Jun 2, 2023 - Climate

Vegetation boosted by record rain could fuel California wildfires

The Zogg fire near the town of Ono in Shasta County, Calif., in 2020. Photo: Go Nakamura/Bloomberg via Getty Images

Heavy rains this year may have lessened drought throughout the state, but they also created potential wildfire fuel.

Why it matters: Cal Fire reports 7,490 wildfires last year razed 362,455 acres, killing nine people and destroying or damaging 876 structures.

  • While the severity of this year's fire season in California is dependent on a variety of factors, officials say people need to remain diligent about fire prevention.

Driving the news: California has seen larger, more destructive wildfires in recent years. In addition, the state has been battered by extreme precipitation events during an unusually wet winter, both of which are tied in part to climate change.

  • The state saw intense growth in vegetation thanks to those record-breaking rains and that vegetation has the potential to turn into kindling during fire season, Isaac Sanchez, a CalFire battalion chief, told The Guardian.

What's happening: The severity of fire season in areas with heavy brush and trees, like in the Sierra Nevada, will be "highly dependent on the timing and magnitude of the melt off," Adrienne Freeman, a spokesperson for the U.S. Forest Service, told Axios.

  • One of the biggest factors in fire spread, she said, is fuel moisture.

What they're saying: "If everything melts and it gets really hot and really dry, the fuels are going to dry," Freeman said.

  • Monsoonal patterns also play a role in the severity of fire season, Freeman said. Last year, a monsoonal pattern brought moisture along with lightning, which meant "even though we had extremely dry conditions, we didn't see the fire season that we could have," she said.
  • "How [and when] lightning comes to us always has a big influence on our fire season," she said.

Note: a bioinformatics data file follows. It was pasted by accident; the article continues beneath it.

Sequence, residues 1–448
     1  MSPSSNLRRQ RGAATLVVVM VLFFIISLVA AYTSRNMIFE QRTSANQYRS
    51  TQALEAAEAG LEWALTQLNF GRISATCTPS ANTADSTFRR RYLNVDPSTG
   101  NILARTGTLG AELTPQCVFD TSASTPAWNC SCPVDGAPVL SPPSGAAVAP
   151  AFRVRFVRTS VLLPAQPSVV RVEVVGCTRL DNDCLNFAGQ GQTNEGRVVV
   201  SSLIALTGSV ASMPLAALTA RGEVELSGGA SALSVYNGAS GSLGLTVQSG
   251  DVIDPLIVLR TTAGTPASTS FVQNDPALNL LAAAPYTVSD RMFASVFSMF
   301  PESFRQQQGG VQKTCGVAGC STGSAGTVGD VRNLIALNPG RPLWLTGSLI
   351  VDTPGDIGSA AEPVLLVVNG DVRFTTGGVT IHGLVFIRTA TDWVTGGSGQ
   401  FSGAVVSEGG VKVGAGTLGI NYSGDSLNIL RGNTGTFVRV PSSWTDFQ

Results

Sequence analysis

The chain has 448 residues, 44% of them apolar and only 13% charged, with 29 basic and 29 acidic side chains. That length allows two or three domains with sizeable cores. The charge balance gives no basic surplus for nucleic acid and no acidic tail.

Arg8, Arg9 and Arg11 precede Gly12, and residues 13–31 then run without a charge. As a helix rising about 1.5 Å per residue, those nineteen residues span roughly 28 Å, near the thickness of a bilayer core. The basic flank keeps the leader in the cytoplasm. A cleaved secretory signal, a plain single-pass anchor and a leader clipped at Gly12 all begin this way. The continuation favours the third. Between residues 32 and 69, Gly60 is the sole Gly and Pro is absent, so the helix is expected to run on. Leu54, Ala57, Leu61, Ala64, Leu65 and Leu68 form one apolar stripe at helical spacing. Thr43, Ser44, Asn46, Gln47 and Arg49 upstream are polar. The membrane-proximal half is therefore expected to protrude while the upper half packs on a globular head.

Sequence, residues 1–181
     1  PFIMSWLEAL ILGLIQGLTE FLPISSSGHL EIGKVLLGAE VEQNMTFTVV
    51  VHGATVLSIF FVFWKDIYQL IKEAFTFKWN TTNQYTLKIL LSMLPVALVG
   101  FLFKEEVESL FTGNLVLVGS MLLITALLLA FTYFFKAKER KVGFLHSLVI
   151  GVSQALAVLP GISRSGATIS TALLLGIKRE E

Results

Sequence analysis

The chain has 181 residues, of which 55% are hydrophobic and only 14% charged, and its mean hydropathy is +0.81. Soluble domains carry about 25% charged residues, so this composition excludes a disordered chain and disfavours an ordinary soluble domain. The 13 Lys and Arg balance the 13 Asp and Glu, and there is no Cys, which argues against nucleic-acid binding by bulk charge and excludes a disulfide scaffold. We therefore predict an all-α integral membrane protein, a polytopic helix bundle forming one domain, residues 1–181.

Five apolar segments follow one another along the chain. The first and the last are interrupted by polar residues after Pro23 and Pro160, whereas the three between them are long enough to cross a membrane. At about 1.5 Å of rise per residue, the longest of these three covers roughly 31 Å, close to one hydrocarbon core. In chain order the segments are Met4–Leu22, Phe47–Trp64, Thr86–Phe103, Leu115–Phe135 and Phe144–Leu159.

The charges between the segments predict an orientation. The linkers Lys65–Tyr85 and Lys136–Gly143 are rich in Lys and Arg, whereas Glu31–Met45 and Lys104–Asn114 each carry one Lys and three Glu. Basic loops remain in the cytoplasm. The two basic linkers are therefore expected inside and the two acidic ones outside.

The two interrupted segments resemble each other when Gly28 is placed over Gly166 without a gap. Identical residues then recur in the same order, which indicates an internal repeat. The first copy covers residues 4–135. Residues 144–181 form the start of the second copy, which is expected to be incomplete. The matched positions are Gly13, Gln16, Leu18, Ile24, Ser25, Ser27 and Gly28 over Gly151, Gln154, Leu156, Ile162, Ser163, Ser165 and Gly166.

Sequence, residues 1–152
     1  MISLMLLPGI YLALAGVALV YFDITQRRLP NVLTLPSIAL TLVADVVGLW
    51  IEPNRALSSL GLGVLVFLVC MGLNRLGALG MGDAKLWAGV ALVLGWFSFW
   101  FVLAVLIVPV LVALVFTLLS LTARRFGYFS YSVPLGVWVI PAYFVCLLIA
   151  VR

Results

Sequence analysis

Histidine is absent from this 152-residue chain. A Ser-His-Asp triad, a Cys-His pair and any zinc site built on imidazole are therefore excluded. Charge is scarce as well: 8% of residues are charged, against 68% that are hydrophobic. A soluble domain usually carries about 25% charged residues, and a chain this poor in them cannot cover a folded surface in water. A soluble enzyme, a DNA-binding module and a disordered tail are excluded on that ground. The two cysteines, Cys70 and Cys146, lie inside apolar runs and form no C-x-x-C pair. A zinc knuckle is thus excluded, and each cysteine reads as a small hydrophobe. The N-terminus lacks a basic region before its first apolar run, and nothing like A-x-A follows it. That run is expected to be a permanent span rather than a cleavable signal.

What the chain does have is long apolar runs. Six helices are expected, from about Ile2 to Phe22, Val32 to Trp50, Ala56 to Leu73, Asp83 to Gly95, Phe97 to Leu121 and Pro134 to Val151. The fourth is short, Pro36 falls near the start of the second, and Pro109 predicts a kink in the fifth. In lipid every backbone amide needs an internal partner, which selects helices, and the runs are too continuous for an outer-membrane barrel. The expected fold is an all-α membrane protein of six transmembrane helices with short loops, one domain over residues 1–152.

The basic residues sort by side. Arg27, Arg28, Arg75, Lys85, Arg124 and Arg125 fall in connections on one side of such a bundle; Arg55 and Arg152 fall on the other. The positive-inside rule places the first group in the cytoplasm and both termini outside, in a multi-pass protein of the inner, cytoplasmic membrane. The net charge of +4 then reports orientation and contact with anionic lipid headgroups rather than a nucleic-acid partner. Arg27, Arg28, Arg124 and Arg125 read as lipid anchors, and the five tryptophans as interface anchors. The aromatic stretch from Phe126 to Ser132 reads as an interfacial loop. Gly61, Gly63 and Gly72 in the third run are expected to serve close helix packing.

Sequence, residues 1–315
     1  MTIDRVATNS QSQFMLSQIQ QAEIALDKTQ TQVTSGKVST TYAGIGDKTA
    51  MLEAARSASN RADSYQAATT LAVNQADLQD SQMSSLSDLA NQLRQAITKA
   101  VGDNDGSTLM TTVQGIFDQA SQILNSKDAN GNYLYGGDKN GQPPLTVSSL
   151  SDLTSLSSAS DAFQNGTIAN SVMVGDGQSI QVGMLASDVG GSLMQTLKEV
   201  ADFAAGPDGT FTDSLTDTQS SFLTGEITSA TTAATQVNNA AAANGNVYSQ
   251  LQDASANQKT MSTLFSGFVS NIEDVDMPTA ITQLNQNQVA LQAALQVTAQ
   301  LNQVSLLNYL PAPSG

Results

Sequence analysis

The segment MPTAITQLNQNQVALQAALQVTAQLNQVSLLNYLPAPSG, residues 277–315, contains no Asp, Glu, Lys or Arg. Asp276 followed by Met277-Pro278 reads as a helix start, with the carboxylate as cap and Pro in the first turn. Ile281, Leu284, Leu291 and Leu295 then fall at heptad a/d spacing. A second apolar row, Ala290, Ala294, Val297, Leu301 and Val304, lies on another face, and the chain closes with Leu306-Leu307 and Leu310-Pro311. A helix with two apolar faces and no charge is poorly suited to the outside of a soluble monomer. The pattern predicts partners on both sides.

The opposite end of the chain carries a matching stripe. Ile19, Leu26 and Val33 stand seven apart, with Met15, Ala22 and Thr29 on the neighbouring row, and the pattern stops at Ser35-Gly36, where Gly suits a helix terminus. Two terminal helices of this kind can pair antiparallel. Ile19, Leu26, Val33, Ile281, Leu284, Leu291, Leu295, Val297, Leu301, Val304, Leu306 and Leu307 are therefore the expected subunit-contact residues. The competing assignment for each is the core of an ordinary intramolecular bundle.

Of note: In central California and the central Sierra, the storm-damaged "dead and down" trees, which dry "exponentially faster" than live ones, will also influence fire season, Freeman added.

Zoom in: In San Francisco, you've probably seen a lot of weeds in your garden or popping up through the concrete on the sidewalk.

  • Those fuels are more susceptible to human-caused fires involving cars, cigarettes, burning debris and more, Freeman explained.

Between the lines: State Farm last week announced it is no longer offering home insurance to new customers in California due to wildfires risks, rising construction costs and other challenges.

What's next: As we head into fire season, it's important that people are aware of the conditions surrounding their homes and do what they can to create a defensible property, Freeman said. That "is one of the greatest indicators of whether their home will survive a wildfire," Freeman said.

  • Meanwhile, PG&E has begun inspecting power lines in the South Bay to ensure they're secure and not at risk of coming down during high winds, NBC Bay Area reports.

The bottom line: There are so many considerations when it comes to fires and fire starts,” she said. “Human-caused is its own, lightning-caused is another.”

  • "In a certain sense, it doesn’t matter what the start [of the fire] is," she said. "We have a non-resilient forest, in many cases, that’s exacerbated by climate change."

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